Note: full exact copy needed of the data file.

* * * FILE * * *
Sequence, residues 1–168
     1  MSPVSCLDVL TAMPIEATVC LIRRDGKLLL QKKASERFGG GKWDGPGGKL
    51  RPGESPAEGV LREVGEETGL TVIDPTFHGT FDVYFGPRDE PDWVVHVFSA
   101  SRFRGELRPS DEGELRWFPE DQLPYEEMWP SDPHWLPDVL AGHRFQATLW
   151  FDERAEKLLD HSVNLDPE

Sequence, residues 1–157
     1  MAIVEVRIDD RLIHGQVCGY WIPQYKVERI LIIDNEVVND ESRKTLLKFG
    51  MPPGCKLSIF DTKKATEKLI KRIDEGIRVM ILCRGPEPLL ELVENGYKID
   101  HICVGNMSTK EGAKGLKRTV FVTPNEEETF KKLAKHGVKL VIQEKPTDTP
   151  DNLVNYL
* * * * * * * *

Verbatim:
Sequence, residues 1–168
     1  MSPVSCLDVL TAMPIEATVC LIRRDGKLLL QKKASERFGG GKWDGPGGKL
    51  RPGESPAEGV LREVGEETGL TVIDPTFHGT FDVYFGPRDE PDWVVHVFSA
   101  SRFRGELRPS DEGELRWFPE DQLPYEEMWP SDPHWLPDVL AGHRFQATLW
   151  FDERAEKLLD HSVNLDPE

Sequence, residues 1–157
     1  MAIVEVRIDD RLIHGQVCGY WIPQYKVERI LIIDNEVVND ESRKTLLKFG
    51  MPPGCKLSIF DTKKATEKLI KRIDEGIRVM ILCRGPEPLL ELVENGYKID
   101  HICVGNMSTK EGAKGLKRTV FVTPNEEETF KKLAKHGVKL VIQEKPTDTP
   151  DNLVNYL